• 620 mya-North Carolina was pulled apart by tectonic forces

    • Volcanoes developed along NC-VA border


North Carolina Geologic Events

  • 750-540 mya-North America and Europe/ Africa moved towards each other

    • Formed Kings Mountain Belt

    • Formed first supercontinent Rodinia

    • Grenville orogeny

  • 542 mya-”Cambrian Explosion” – Major diversification of life

    • First vertebrates

    • North Carolina was underwater


750 - 540 MYA

Supercontinent of Rodinia

(Grenville Orogeny)


North Carolina Geologic Events

  • 496-440 mya-Taconic Orogeny: The coastline of present day Appalachian Mountains collided with Iapetus Plate (Oceanic Plate)

    • Formed volcanic mountains in present day North Carolina


North Carolina Geologic Events

  • Acadian Orogeny(400-325 mya): A continent called Avalonia collided with present day North America

    • Continued the formation of the Appalachian mountains.

    • Also lead to the formation of Pangaea


North Carolina Geologic Events

  • 359 mya-Wetland forests dominated the Appalachian area

    • The decayed organic matter from the trees eventually lead to coal that is currently mined today


Alleghanian Orogeny

  • AlleghanianOrogeny(325-260 mya): Africa collided with North America.

    • Resulted in the formation of the Appalachian Mountains

    • Pangaea was fully assembled


North Carolina Geologic Events

  • After the formation of Pangaea, the Appalachian Mountains were near the center of Pangaea

    • Central Pangaea Mountains Extended into what is now Scotland and Morocco


North Carolina Geologic Events

  • 251 mya-Appalachians began to erode

    • Wind and rain  Sediment was carried to lower lying land or sea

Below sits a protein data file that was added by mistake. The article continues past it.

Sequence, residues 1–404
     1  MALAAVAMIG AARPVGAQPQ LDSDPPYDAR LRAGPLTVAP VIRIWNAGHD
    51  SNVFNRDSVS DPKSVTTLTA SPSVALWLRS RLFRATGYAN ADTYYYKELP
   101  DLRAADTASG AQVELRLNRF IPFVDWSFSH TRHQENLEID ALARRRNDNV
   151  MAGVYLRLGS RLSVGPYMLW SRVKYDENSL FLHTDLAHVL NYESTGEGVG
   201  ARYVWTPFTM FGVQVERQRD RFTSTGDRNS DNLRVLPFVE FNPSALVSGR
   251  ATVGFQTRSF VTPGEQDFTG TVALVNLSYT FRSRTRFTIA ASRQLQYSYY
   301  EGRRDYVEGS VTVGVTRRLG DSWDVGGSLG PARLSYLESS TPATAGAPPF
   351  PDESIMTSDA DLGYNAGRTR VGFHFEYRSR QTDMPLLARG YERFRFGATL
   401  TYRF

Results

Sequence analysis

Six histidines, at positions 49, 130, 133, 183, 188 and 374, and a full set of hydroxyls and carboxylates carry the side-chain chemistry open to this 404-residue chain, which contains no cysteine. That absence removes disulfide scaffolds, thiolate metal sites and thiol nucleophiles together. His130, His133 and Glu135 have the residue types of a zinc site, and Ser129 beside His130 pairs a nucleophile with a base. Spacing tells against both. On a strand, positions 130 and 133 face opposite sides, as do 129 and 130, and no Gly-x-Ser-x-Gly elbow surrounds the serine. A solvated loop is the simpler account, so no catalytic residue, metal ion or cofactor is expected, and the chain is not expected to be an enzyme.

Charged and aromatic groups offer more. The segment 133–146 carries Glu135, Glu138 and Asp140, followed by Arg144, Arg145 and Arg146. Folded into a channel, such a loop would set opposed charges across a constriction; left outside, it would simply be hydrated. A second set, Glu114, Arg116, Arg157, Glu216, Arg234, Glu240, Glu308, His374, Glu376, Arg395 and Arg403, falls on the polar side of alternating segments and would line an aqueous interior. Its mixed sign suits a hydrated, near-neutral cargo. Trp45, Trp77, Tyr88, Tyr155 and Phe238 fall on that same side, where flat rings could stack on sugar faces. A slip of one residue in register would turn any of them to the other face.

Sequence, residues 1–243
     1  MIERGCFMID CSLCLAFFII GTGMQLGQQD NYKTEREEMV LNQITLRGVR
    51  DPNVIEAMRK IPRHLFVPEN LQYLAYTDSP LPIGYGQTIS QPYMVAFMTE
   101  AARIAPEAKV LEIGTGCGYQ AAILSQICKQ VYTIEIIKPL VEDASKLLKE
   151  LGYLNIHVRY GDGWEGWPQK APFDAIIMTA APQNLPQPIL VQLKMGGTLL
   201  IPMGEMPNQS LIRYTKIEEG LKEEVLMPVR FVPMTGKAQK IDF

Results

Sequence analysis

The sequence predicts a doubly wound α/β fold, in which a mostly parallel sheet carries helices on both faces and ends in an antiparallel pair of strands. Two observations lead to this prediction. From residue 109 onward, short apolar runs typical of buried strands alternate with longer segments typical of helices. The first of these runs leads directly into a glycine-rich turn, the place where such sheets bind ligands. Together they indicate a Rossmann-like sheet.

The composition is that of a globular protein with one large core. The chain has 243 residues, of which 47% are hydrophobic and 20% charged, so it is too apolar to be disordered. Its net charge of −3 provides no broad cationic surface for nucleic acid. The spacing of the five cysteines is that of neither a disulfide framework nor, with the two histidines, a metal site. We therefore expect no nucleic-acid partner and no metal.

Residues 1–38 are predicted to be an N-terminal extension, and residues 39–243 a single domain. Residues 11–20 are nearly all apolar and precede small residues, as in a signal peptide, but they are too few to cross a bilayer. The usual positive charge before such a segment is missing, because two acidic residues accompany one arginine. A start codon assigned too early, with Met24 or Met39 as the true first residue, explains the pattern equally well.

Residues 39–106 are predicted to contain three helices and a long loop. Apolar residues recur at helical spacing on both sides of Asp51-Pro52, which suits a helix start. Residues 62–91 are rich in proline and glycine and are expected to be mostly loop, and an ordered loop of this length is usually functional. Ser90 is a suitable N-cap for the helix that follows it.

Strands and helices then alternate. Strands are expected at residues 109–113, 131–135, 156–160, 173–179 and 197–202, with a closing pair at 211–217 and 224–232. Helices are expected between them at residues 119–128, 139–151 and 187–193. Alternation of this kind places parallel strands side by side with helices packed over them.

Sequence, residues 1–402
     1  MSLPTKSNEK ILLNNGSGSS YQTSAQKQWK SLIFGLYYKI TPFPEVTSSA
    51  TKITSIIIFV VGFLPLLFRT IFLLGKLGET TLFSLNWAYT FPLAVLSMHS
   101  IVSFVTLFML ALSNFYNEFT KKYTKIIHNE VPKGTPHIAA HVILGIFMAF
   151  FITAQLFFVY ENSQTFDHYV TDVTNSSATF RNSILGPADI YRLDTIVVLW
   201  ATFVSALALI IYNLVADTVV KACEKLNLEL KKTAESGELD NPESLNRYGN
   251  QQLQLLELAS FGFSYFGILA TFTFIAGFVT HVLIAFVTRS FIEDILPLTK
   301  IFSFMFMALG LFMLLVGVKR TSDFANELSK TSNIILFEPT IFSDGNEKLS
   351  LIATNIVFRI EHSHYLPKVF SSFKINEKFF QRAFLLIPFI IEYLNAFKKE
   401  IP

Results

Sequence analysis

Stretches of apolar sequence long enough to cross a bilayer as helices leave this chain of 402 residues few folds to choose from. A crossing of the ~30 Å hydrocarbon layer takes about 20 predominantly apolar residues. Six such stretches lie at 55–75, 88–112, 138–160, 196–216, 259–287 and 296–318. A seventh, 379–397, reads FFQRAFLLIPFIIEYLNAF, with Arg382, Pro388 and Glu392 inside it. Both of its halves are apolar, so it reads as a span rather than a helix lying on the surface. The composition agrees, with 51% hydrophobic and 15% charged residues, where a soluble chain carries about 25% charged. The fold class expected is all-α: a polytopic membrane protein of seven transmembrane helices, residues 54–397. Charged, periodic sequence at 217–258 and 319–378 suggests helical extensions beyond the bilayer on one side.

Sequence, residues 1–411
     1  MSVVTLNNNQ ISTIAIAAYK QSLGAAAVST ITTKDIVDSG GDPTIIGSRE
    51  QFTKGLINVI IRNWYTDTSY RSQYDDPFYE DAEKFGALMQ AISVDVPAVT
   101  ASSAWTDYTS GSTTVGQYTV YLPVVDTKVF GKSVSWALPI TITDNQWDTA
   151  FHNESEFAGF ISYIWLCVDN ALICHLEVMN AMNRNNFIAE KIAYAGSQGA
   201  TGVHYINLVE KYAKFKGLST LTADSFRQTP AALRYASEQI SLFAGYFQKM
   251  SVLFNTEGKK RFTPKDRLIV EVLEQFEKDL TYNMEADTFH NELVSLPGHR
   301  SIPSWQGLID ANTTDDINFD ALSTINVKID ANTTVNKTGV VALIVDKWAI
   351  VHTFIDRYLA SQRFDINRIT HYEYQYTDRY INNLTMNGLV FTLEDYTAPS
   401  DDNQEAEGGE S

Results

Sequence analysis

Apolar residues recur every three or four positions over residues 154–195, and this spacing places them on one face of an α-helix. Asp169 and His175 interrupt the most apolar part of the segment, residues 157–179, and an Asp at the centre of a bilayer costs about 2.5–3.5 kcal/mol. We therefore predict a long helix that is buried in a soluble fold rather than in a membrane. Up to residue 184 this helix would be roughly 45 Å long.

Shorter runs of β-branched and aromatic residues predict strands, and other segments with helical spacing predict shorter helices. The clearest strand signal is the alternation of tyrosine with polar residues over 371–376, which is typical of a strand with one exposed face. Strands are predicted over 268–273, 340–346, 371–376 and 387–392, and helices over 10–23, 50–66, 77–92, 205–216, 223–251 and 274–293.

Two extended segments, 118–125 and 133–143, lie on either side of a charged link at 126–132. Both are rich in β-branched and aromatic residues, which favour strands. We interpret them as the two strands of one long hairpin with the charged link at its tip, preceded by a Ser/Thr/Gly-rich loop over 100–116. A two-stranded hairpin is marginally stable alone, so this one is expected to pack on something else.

• Pangaea was breaking up

  • 200 mya-As Pangaea separated the Atlantic Ocean formed

    • Outer margin became the outer banks


North Carolina Geologic Events

  • 145 mya-65 mya: Coastal Plains were underwater but sea level began to drop

    • Dinosaurs went extinct

    • 65 mya: Coastal plains were above water

  • 5 mya-Blue Ridge and Piedmont were as they are today


North Carolina Geologic Events

  • 1.7 mya-”Ice Age” began. Sea level in North Carolina fell

    • There is present day evidence in the Coastal Plains

  • 18,000 years ago – Glaciers melted

  • 10,000-15,000-North Carolina’s forests began to develop

  • 9,000 BC-Human civilization began


Warm upMonday September 30th

  • Complete the Earth Science Word Search in 12 min for a science ticket


Warm upTuesday October 1st

  • Name the 3 types of faults

  • What orogeny created the Appalachian Mts?

  • What type of mountains are formed when large pieces of crust are tilted, uplifted or dropped downward


Birth of the Mountains Reading Activity

  • Read the handout titled “Birth of Mountains”.

  • On a separate sheet of paper, in complete sentences, write down the 2 most important facts that you learned from each of the following sections….

    a. Introduction

    b. Reading the Rocks

    c. A Supercontinent Forms

    d. The Supercontinent Breaks Up

    e. Continental Collisions

    f. Carving the Mountains


Warm upWednesday October 2nd

  • Look over your NC Earth History notes from yesterday. Pop quiz to follow!!


  • Login